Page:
July 2013
Volume 13, Issue 9
Free
Vision Sciences Society Annual Meeting Abstract  |   July 2013
The Neural Correlates of Recognizing Facial Slivers
Author Affiliations
  • Sharon Gilad-Gutnick
    Brain and Cognitive Sciences, Massachusetts Institute of Technology\nThe School of Psychological Sciences, Tel-Aviv University
  • Elia Samuel Harmatz
    Brain and Cognitive Sciences, Massachusetts Institute of Technology
  • Kleovoulos Tsourides
    Brain and Cognitive Sciences, Massachusetts Institute of Technology
  • Pawan Sinha
    Brain and Cognitive Sciences, Massachusetts Institute of Technology
Journal of Vision July 2013, Vol.13, 167. doi:10.1167/13.9.167
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      Sharon Gilad-Gutnick, Elia Samuel Harmatz, Kleovoulos Tsourides, Pawan Sinha; The Neural Correlates of Recognizing Facial Slivers. Journal of Vision 2013;13(9):167. doi: 10.1167/13.9.167.

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      © ARVO (1962-2015); The Authors (2016-present)

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Abstract

Imagine vertically compressing a facial image to a quarter of its original width. Given the marked changes in facial configuration, one might expect that this grotesquely distorted face would be much less recognizable relative to the original. However, our current study demonstrates that identification performance remains almost entirely unaffected even at extreme compressions that result in sliver-like faces, no more than 1/6 the original width or height. Complementing this behavioral finding, we have recorded subjects’ neural activity using Magnetoencephalography (MEG) as they viewed faces and objects that were subjected to a range of compressions. Our data reveal a striking correlation between behaviorally observed psychometric curve on the one hand and neural activity when viewing faces, on the other. Specifically, we found a significant change in amplitude and latency of the M170 and M250 components (implicated in face perception) at the same compression threshold at which behavioral recognition occurs. This result has important implications for linking neural activity and perception, as well as for understanding the nature of configural information that subserves face recognition. The tight coupling we observe between the M170 and behavioral performance is puzzling since past electrophysiological evidence linking this component to identity judgments is weak, at best. We propose an alternative explanation and also describe how our results help constrain the vague notion of ‘facial configuration’.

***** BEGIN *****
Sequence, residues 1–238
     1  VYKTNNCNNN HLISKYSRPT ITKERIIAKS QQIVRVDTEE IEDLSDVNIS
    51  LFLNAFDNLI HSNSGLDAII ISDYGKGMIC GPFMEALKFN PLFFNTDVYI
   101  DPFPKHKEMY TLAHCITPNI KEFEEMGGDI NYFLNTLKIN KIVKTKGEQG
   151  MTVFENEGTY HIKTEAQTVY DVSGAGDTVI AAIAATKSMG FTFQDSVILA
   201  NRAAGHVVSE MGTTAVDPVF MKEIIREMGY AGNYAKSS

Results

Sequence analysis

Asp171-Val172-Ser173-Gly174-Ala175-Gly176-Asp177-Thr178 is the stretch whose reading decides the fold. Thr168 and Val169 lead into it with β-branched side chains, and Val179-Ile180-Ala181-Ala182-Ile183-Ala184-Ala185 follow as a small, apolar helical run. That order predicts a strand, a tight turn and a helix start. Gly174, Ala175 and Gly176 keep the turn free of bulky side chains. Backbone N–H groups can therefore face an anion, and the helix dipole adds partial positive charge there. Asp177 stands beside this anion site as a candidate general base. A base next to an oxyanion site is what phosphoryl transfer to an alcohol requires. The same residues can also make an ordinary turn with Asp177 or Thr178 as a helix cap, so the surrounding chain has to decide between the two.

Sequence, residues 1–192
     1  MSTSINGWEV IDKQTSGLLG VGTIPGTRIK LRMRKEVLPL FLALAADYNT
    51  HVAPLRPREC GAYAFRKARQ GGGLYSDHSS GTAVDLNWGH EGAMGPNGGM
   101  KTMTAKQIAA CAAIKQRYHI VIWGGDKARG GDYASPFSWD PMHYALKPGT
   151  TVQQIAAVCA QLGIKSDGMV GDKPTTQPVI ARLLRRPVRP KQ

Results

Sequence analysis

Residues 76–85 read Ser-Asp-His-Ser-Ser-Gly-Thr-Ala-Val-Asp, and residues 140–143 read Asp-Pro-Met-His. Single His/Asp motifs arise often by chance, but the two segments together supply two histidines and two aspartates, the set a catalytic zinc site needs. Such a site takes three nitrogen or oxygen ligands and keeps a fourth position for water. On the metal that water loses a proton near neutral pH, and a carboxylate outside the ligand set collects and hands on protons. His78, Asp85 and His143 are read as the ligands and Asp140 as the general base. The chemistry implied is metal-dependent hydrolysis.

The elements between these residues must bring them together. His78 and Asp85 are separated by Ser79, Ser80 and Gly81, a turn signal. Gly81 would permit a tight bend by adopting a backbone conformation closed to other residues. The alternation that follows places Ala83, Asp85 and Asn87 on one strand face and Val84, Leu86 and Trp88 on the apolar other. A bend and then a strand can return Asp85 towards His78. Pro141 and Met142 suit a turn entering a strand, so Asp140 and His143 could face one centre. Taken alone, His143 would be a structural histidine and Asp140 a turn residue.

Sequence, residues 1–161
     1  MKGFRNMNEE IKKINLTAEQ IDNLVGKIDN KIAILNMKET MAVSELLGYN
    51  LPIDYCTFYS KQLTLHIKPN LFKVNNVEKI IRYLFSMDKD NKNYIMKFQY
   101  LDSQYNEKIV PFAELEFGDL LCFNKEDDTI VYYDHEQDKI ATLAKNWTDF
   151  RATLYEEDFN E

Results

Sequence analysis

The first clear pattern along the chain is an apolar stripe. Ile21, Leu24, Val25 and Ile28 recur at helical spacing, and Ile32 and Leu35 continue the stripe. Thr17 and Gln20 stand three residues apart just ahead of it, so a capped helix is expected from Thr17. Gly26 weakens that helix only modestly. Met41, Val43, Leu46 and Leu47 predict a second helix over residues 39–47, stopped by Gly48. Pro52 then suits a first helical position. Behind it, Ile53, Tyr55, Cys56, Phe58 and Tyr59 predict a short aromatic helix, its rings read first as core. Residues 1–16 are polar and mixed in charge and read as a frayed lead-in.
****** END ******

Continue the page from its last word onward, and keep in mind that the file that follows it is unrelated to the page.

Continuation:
Meeting abstract presented at VSS 2013

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